By examining spending patterns and revenue trends, a proactive accountant assists businesses in improving their financial planning and suggests strategies to save taxes and time expenditures; they make sure that the accounting process has benefits beyond just ensuring tax compliance.

Business owners are taking control of their accounting

Business owners are working smarter and comprehending more because of technology. Accountants become educators and start training business owners on how to manage their own accounting. The availability of software and applications with consumer-level functionality has made it easier for non-accounting professionals to comprehend their financial situation. In addition, access to faster software that can manage more complex tasks, as well as interconnected technologies, has made accounting easier and more efficient. Remote access to real-time data enables both accountants and clients to simultaneously view, edit, and comment on their accounts.

And, when clients can access and analyse the data on their own, they become excited about their financial position and are better able to comprehend their accountant’s strategic recommendations. In the end, it implies that clients can prosper through improved business processes, allowing them to remain in business, grow their business, and remain a client.

The role of the employee is shifting

Considering the changes that technology brings to the needs and expectations of clients, the accountant’s workload, and their individual roles, it begs the question of what the future role of established accounting firms and Accredited Training Centre (ATCs) are and how they adapt. From their professional and social responsibility to pass on their expertise to Learners of the accounting profession, to recruitment and retention of skilled professionals, accountancy firms and ATCs need to consider whether a shift in their practice is required.

With the proliferation of remote work caused by the Covid-19 pandemic, opportunities for qualified accountants are greater than ever. Employers can access talent from across the country through remote work. It has expanded candidate pools and heightened market competition for top talent.

A hybrid workplace combines remote work and office-based work, providing employees with the flexibility and autonomy to choose when and where they work. Providing flexibility and a digital-first mentality will make a firm more appealing to a wide range of talented professionals, which is essential for attracting and retaining top talent.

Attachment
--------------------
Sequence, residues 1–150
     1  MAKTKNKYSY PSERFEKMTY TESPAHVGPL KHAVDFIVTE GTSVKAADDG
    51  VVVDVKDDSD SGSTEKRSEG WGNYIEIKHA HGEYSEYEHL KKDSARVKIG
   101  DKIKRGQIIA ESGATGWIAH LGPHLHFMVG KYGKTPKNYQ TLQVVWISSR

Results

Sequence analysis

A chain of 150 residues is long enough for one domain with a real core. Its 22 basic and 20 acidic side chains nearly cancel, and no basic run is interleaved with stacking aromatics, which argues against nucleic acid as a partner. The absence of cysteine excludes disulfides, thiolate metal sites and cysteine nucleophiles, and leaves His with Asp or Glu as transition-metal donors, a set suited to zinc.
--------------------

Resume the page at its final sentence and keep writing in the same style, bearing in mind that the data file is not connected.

Unquestionably, the accountant of the future will need to be technologically savvy in order to adapt to the industry’s transformation. As intelligent technologies advance and more businesses migrate their data to cloud-based systems, accountants must become adept at leveraging the cloud to provide clients with up-to-date financial analysis and to maintain their competitive edge.

Despite the fact that many accounting tasks are being automated, accounting professionals will never be replaced by technology, and future accounting jobs will require committed professionals who are willing to adapt as the industry evolves.

The digital world is evolving rapidly, and we are just at the beginning of the journey. Technology, the shifting role of finance and accounting activities, and the skills and competence required by finance professionals to remain relevant are now necessary, and it is the responsibility of all finance professionals to guarantee that they remain relevant and adapt to their clients’ needs.

We take a proactive approach to each accounting task because we understand that your company’s finances cannot exist in isolation from its strategic objectives. Approaching tax, audit, and cash flow with greater foresight can spur internal and external development. Contact Digital CFO today for more information about our services.

Written for Digital CFO. Published on BizCommunity.